If you have watched any Wes Anderson movie, you will know that lighting is critical to obtaining the visual style that is so unmistakably him. This MV has taken this cue as well. The lighting is soft and unfocused a lot of the time, allowing the members to appear almost fairy like in some scenes.
The members all appear to be detectives hunting after one elusive suspect. From stakeouts, to breaking and entering to search his apartment, we are treated to a wide variety of scenes that show each member in beautiful detail, and in fabulous outfits. The styling of this video is definitely one of my favourites this year (I say on January 4th..). The outfits look comfortable and effortless, for the individual scenes anyway! I can imagine the girls wearing each of these outfits of their own volition. The first dance section in the middle is a slightly different beast. I can’t help but think that the outfits remind me of sexy boy scouts, and beige is a hard colour to wear for mostly everybody. I feel like this is possibly the weakest part of this MV. It could be taken from any multitude of girl group MVs, hell, it could be taken from any previous AOA video, and it wouldn’t have made a difference. On the other hand, I absolutely love their pant suits when they change costumes for the dance scenes. It’s so refreshing to see pants in girl group MVs. They look sexy and powerful, and still hella stylish.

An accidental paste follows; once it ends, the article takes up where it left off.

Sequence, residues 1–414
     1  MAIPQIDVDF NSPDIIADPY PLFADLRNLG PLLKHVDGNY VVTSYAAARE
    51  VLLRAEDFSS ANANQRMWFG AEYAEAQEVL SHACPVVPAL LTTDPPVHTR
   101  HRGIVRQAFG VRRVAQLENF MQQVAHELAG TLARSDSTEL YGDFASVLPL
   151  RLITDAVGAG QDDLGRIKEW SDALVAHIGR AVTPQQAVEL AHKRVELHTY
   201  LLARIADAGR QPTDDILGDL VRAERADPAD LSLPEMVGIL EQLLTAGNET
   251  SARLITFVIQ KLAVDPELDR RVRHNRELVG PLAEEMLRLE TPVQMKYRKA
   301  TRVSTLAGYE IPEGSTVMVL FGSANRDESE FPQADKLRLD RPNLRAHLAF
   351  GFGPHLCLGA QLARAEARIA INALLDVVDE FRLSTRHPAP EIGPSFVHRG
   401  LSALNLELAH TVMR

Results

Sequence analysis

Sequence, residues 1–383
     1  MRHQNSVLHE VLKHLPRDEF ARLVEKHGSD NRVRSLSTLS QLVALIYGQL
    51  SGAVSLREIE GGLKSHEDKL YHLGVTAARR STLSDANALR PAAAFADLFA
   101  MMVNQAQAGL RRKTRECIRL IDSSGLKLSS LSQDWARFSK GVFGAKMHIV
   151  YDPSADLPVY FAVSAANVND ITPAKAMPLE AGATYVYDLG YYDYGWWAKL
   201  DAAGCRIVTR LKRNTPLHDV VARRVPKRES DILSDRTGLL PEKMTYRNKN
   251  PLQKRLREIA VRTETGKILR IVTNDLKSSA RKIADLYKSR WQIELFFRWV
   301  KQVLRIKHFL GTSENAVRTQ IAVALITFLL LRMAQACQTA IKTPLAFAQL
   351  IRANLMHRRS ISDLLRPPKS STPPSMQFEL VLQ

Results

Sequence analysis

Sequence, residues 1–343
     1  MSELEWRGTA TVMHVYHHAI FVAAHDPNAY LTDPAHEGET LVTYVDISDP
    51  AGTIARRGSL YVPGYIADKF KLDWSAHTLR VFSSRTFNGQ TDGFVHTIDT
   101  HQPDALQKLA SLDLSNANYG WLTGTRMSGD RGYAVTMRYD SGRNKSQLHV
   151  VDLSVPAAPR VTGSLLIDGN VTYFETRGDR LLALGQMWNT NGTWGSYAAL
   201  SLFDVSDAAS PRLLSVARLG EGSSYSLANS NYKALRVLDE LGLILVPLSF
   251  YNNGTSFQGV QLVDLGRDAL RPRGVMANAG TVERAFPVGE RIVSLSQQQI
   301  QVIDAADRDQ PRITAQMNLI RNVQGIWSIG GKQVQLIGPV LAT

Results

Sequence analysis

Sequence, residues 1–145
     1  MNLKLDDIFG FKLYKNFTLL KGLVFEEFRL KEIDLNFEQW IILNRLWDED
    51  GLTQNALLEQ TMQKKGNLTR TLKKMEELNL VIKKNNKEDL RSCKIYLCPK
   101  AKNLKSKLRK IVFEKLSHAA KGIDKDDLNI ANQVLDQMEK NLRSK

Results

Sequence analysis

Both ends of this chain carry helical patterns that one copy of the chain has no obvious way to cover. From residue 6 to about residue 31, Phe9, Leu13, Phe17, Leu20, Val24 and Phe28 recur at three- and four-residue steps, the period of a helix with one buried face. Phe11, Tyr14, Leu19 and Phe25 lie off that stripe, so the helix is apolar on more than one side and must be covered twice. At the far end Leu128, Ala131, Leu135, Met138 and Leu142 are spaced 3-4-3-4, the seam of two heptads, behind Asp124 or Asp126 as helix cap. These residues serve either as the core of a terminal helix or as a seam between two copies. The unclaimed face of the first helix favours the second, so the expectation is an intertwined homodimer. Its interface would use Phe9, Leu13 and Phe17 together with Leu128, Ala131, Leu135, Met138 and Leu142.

When I first heard both “Bing Bing” and “Excuse Me”, I thought for sure that “Bing Bing” was my favourite. I really liked the slower chorus, the more hypnotic beat of both the composition and the lyrics, but after listening to it a dozen or so times for this review, there is a couple of things that I have grown to not necessarily dislike, but certainly irk me, about the song.